Jeff Dorman, a CoinDesk columnist, is chief investment officer at Arca where he leads the investment committee and is responsible for portfolio sizing and risk management. He has more than 17 years of trading and asset management experience at firms including Merrill Lynch and Citadel Securities.
Finding the most appropriate place to park or invest money is a subjective exercise based on the risk tolerance of an individual (or firm). But it gets even more subjective when investors begin to think about “return of capital” more than “return on capital.”
Many investors stay invested in stocks throughout drawdowns, believing equity investing is about long-term historical average returns and not day-to-day or year-to-year fluctuations. Plenty of other investors prefer the safety of government or corporate bonds due to their seniority and stable cash flows. Some become concerned about counterparty risk and move money out of banks and brokerages and into cash, while others fear cash and move to gold to protect against inflation or lack of trust in local government. And, of course, a small but rising group of people want to rid themselves of as many systemic risks as possible and move into bitcoin (BTC) or other digital assets.
None of these opinions are wrong. All have some merit.
But the different value drivers of equity, debt and digital assets may begin to manifest from the seemingly inevitable recession that will result from the current COVID-19 pandemic. All three are arguably part of the new “capital structure” now, but each creates value in entirely different ways.
- Debt = Claim on assets
- Equity = Assets minus liabilities or a claim on excess profits/cash flows
- Digital Assets = Claim on future services and customer growth
Given this backdrop, it’s possible digital assets are the only asset class not actually affected by a recession.
Companies and projects in the digital asset world pre-fund themselves via the sale of tokens, thereby creating a service liability in how the token is ultimately redeemed in the future. The token can unlock usage of the product, can be used for discounts on services rendered, or in some cases can even gain economically via direct claims on future revenue.
This process is similar to companies that sell gift cards, which tend to speed up revenue recognition (booked upfront), but create a liability for the company in terms of future services/products delivered. Airline miles behave similarly as customers can earn them (or buy them), but it creates a future service liability for the airline. Notably, these future services don’t disappear during a recession and, as such, technically do not lose value.
The difficult conditions caused by global quarantine are simultaneously creating both demand shocks (lack of customers, job losses) and supply shocks (lack of production). This is having disastrous effects on revenue and profits (destroying equity value), and asset coverage (destroying debt recovery), but to date has had little to no effect on customer loyalty (gift cards/airline miles) or future service claims (tokens).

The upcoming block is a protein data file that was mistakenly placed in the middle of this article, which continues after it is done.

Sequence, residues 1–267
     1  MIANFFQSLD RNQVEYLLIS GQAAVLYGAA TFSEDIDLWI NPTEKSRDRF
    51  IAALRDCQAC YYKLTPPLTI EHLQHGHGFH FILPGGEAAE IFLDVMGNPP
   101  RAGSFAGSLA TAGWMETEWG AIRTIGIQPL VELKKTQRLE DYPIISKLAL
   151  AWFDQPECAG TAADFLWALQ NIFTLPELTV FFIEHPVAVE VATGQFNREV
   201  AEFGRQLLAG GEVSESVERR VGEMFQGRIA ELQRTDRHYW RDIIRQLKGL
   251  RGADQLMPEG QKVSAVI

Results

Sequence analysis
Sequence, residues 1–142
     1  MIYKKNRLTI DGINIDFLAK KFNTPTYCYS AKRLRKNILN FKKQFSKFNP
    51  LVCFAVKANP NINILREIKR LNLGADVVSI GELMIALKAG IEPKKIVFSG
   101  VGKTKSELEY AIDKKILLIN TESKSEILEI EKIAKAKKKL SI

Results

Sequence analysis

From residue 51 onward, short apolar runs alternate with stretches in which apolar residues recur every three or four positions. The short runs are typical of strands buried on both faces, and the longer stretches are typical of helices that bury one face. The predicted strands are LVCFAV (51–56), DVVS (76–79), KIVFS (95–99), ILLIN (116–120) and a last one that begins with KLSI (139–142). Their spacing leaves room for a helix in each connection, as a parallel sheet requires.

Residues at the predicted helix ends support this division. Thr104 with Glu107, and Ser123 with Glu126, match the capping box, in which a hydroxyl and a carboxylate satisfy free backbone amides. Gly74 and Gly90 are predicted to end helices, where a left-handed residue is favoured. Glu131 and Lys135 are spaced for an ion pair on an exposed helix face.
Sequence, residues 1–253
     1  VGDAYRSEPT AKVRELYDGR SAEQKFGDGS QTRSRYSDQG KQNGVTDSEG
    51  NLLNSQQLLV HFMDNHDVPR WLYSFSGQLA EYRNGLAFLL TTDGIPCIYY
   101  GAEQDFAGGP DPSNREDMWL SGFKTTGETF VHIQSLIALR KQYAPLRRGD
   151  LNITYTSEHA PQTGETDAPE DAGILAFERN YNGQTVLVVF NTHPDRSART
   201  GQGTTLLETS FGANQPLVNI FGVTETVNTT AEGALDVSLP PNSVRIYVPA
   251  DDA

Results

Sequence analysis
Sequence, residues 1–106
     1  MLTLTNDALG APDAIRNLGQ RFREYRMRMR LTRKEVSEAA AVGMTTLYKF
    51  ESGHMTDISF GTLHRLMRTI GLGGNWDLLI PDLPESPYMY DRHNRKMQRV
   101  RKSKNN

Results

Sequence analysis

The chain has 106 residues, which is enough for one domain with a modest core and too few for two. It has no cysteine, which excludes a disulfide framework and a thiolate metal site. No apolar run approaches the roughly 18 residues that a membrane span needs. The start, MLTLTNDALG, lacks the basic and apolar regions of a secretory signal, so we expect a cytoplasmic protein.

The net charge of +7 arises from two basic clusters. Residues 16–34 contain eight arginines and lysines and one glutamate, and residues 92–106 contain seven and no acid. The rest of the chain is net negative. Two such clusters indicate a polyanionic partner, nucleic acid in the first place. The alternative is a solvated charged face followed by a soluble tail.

While fundamentals may not have mattered in the past 10 years as the “everything bubble” inflated all assets, we believe they will matter in the years ahead as revenue stagnate and debt begins to impair cash flows. At times like these, we are reminded equity and debt valuations rely on actual cash flows and hard assets, not just agreed-upon expansion multiples. Historically, the best combination for multiples has been strong growth and low inflation, but we are now entering a world of below-average growth and above-average inflation.
Further, most companies with debt and equity rely on physical customers and physical locations, and almost always rely on supply chains (with the exception of certain e-commerce companies). Conversely, most crypto companies and projects don’t have physical stores, customers or supply chains. They are the epitome of a “truly digital world.”
See also: Osho Jha – As This Crisis Worsens, Bitcoin Will Become a Safe Haven Again
From crypto trading exchanges, to video games and virtual worlds, to decentralized finance and web 3.0, the shift from physical to digital is happening, and we believe COVID-19 is further accelerating this evolution. Just as your Delta SkyMiles and Target gift cards don’t go away or lose value during an economic crisis, neither do the intrinsic value of digital assets. These tokens are claims on future services, not claims on revenue, profit or assets. As a result, most of these digital projects and companies appear to be immune to demand shocks and supply shocks. One day we may even say “digital assets are recession-proof.”
Crypto prices may, of course, still go lower. After all, risk is risk. But, in a fundamental way, digital assets are not actually losing value whereas the value of stocks and bonds is most definitely lower today than it was earlier this year. You could certainly argue digital assets are overvalued, but not because of what has transpired over the past six weeks.
Equity value is declining as profits decline. Debt value is declining as asset value declines. Fiat currency value is being devalued by money printing. Commodity value is being harmed by a reduction in economic activity.
You can argue digital assets never had value to begin with, but it is hard to argue their value is going down right now. In fact, it may be the only asset whose true value is unchanged.